New media art, interaction design, digital art, communication design, interface design, art&tech, etc. Define them as you like, the works in this book celebrate, in an unfussy, feisty way, the emancipation of computer code from the hands of programmers.
A Touch of Code takes a snapshot of the state of interactive art and design right here right now. If you’re looking for a book with historical context and a panorama of what is going on all over the world this might not be the book for you. The works covered are very recent, there’s no date next to the title of the pieces selected but i’d say that very few -if any- of them were developed more than 10 years ago. Most of the works were created in the USA or in Europe. With a surprisingly high emphasis on works from German-speaking countries. Which is fine by me, i don’t tend to follow German magazines and blogs so i’m often in the dark as to what artists and designers are doing over there.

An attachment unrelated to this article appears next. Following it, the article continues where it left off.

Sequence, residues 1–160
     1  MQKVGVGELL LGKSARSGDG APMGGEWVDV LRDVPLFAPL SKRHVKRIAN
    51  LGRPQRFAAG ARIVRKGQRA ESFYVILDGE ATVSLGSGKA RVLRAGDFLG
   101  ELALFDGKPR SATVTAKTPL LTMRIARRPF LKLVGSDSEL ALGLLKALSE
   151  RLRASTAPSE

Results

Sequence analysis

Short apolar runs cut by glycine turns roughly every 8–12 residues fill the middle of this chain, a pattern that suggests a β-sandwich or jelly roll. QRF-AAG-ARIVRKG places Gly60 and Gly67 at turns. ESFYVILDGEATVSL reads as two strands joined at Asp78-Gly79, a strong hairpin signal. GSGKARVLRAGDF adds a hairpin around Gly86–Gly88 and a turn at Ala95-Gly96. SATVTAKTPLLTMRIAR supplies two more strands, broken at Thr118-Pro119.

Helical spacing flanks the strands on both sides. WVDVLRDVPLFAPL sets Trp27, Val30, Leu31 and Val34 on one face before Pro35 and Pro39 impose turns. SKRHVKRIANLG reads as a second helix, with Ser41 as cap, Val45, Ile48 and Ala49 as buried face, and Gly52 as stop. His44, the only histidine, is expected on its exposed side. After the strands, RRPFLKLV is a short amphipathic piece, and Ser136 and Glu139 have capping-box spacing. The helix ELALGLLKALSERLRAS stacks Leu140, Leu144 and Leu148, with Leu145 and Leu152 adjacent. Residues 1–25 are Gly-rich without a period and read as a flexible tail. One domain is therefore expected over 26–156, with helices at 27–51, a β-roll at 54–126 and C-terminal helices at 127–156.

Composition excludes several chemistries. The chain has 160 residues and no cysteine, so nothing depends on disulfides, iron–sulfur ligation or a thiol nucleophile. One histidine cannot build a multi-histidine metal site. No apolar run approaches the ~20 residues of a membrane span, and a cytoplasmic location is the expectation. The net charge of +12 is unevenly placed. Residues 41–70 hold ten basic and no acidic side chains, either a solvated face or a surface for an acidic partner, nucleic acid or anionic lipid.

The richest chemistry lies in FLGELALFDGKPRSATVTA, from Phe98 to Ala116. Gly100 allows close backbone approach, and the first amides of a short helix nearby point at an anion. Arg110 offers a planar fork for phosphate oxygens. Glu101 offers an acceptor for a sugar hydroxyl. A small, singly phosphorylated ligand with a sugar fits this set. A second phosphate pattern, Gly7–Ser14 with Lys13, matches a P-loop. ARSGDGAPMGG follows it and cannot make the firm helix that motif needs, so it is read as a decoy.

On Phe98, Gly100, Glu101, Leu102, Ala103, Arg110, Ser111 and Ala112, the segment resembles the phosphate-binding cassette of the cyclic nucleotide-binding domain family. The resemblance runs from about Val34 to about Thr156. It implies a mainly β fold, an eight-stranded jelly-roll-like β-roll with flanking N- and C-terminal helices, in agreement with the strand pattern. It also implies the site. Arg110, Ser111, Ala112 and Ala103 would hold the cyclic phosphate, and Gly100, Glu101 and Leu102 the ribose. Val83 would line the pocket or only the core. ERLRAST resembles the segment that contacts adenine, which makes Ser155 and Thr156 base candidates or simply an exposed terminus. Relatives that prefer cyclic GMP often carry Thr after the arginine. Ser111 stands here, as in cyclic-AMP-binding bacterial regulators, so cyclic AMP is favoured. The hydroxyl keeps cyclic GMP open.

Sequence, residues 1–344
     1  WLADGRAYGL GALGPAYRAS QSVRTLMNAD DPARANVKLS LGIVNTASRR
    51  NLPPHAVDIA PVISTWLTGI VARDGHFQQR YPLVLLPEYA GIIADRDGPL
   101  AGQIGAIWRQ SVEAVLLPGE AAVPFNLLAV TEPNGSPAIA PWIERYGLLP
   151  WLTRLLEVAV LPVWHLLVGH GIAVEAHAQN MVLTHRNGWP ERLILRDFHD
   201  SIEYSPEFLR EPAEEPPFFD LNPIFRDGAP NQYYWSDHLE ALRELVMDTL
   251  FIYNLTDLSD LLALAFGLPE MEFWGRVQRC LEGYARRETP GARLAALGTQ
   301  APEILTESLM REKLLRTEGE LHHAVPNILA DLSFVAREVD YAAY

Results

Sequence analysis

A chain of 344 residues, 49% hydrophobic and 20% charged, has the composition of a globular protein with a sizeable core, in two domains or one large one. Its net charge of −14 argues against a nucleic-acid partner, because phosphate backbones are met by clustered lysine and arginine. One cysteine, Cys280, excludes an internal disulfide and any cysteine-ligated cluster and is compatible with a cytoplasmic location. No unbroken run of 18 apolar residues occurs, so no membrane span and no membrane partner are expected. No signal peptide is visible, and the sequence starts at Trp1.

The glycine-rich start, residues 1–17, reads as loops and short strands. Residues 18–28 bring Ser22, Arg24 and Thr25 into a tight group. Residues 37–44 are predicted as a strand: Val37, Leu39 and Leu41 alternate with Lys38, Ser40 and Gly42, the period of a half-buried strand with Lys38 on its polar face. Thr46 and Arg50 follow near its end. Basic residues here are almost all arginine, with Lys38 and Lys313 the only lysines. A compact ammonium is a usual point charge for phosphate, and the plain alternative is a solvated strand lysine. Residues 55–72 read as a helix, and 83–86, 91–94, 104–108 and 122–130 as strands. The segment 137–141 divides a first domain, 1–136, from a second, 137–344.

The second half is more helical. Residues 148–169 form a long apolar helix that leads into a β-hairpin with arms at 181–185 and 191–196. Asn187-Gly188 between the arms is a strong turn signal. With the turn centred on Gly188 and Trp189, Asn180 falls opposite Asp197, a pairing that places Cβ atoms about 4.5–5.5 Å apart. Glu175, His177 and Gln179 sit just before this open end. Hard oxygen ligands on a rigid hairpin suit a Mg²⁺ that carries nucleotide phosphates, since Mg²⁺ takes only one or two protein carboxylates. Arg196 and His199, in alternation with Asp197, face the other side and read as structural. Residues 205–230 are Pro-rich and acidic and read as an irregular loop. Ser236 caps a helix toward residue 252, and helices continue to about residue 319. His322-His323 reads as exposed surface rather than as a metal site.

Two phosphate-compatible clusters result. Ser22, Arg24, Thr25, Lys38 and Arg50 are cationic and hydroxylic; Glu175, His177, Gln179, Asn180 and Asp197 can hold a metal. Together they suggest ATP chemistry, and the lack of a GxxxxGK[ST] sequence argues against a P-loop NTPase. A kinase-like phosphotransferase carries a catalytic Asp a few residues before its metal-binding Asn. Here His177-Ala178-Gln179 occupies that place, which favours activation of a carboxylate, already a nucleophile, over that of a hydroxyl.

The book doesn’t embarrass itself with much text. There’s an introduction by Joachim Sauter from ART+COM, another one by the editors of the book. Other than that, all you get is the usual description of the works and a few lines that comment each chapter (Look, Touch, Explore, Engage and Intervene.)
Still, A Touch of Code is a joy to pore over. It’s like a fast, efficient and snazzy blog about interactive installations. The images are fantastic, the design is impeccable, I discovered many young artists and designers (i was actually appalled by the extent of my ignorance) and felt the need to reconnect with artists i had not seen in ages.